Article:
Friday, June 2, 2000


P&O says more competitive pricing trends could cut
into cruise revenues

Releasing first quarter results for its cruise division, P&O today said that operating profit increased by 4% to $60.4 million despite fuel prices being $9 million higher,

However, P&O--which is planning to spin-off the cruise division--warned that "net revenue yields are likely to be lower for the year as a whole compared to 1999.   This reflects the significant additional capacity we are introducing and a more competitive pricing environment in the U.S., particularly in Q4. "    It added that "the fundamentals of cruising ... remain strong and the medium to longer term prospects are highly positive. " 

 

P&O said that the acquisition of Festival Cruises, following that of Aida Cruises last year, will "further strengthen the position of P&O Princess as the global cruise company."

In the first quarter 2000, P&O Princess increased operating profit by 4% to $60.4 million compared to $58.0 million for Q1 1999. The main positive factors contributing to this strong result were increased capacity of 9%, higher occupancy and a net revenue yield improvement of 2%.These were partly offset by higher fuel prices.

The increase in capacity resulted mainly from the introduction of Ocean Princess in February and the inclusion of Aida Cruises for the first time.   Turnover increased by 11%.   This reflected the increase in capacity, the higher occupancy and increased net revenue yield.  Both occupancy and net revenue yield benefited from the millennium as cruises straddling the year end have been time apportioned.  

"The current year has started well in the U.S.," commented P&O.   "Ocean Princess (77,000 gross tons, 1,950 berths) was successfully introduced in February ... and has been well received."

P&O Cruises (U.K.) had a strong first quarter.   Aurora (76,000 gross tons, 1870 lower berths) was introduced in May.   Its inaugural cruise was lost because of a problem with one of its bearings.   The costs were fully met, largely by insurance.     The ship "is now operating successfully and has received highly favorable comment."  Aurora's introduction will result in a 37% increase in capacity for P&O Cruises (U.K.) in 2000.    "The year-on-year effect is mainly in the second half and this will have some impact on net revenue yield," says P&O, adding that "despite the significant increase in capacity, bookings are going well."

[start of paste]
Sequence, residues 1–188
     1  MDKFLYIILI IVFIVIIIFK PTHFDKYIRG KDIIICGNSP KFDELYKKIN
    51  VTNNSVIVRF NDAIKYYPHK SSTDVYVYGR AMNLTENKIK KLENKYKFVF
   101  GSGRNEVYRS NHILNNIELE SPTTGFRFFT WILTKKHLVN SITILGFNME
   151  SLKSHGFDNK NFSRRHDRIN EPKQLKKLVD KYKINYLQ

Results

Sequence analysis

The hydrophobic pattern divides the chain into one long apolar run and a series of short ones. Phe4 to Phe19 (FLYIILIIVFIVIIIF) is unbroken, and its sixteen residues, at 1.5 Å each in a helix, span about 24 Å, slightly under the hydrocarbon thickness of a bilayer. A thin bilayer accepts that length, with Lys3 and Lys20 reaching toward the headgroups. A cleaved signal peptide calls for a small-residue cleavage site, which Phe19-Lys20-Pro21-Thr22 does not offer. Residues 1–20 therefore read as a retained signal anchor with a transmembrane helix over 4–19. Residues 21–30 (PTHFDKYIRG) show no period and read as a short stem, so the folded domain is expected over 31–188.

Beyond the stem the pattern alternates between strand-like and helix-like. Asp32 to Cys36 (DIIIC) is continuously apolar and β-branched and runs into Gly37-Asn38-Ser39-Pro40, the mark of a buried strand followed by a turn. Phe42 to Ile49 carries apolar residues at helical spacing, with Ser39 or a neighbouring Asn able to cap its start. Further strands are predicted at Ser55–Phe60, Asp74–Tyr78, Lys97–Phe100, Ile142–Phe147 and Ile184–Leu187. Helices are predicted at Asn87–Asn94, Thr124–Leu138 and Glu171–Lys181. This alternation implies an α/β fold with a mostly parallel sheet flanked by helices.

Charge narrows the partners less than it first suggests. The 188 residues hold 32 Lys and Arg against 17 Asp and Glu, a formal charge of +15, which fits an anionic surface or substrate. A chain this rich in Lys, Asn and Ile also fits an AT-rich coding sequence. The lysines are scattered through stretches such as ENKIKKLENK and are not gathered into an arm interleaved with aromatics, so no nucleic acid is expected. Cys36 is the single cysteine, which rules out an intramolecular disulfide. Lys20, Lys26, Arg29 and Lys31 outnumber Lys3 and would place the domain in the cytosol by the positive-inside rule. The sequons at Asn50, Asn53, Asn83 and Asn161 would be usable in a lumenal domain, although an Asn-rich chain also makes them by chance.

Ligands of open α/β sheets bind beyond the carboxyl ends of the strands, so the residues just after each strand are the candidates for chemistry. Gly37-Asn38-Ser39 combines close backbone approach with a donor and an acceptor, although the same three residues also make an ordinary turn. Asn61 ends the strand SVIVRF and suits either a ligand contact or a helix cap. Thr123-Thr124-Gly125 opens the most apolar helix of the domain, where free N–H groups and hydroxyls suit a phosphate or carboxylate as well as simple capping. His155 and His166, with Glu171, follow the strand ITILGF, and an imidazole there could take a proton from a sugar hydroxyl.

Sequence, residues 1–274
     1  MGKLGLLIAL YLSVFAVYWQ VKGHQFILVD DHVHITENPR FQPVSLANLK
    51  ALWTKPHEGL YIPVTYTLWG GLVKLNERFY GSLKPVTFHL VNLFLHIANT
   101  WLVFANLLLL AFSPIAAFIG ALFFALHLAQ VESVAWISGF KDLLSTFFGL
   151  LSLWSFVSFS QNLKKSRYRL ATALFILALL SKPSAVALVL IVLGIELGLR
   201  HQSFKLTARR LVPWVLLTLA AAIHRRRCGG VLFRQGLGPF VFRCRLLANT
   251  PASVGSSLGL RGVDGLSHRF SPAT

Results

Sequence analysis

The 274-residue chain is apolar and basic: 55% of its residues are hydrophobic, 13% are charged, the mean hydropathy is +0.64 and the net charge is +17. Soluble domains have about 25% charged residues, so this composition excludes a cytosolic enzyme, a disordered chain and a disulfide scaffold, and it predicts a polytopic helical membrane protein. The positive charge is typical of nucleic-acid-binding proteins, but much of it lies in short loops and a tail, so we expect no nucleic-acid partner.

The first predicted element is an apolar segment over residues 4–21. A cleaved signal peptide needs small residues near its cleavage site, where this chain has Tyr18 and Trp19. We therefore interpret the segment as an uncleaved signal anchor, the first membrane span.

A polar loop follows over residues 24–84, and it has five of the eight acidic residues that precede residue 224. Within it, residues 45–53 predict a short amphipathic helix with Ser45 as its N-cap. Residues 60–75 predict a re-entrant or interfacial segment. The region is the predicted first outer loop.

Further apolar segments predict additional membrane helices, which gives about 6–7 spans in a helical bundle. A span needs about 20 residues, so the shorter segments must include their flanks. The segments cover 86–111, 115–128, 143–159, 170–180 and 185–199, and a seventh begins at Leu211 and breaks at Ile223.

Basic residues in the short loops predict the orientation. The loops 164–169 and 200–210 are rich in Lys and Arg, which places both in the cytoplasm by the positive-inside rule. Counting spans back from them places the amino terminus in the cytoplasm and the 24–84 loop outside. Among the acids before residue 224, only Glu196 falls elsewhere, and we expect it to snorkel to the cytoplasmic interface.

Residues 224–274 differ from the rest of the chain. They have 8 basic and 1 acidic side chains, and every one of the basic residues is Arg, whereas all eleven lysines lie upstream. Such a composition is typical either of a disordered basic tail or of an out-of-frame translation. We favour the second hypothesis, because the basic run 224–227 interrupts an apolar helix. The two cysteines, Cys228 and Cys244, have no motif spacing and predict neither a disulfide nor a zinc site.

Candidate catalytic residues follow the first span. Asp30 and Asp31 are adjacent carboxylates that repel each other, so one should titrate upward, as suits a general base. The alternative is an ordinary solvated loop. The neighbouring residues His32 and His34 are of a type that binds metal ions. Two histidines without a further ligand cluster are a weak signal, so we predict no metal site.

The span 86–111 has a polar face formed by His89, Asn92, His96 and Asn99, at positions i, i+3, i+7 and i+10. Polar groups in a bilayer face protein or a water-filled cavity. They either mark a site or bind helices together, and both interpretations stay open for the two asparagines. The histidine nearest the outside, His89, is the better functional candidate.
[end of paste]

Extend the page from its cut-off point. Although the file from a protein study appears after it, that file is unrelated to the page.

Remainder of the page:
P&O's acquisition of 51% of Aida was completed in November 1999.   The year-on-year effect of this is the main reason for the 22% increase in capacity offered in Q1 2000 for P&O's other brands, i.e. excluding Princess Cruises.   Aida is having a good year.    P&O has now also completed the DM30 million acquisition of the whole of Seetours, one of the best known names in German cruising.

P&O announced on May 11, 2000 that it had agreed to acquire Festival Cruises, which has a particularly strong position in France and Italy.    It is expected that this will be completed within the next two month.

P&O is the only year round cruise operator in Australia.   We announced at the start of the year that Sky Princess would be transferred there from Princess Cruises in November 2000.   Her name will be changed to Pacific Sky and she will replace our current Australian ship Fair Princess.

Fuel prices are continuing at their previous high levels.  The year-on-year effect will diminish but, says P&O, if prices remain at present levels, the additional operating expense in the remainder of 2000 could be of the order of $15 million. 

 

 

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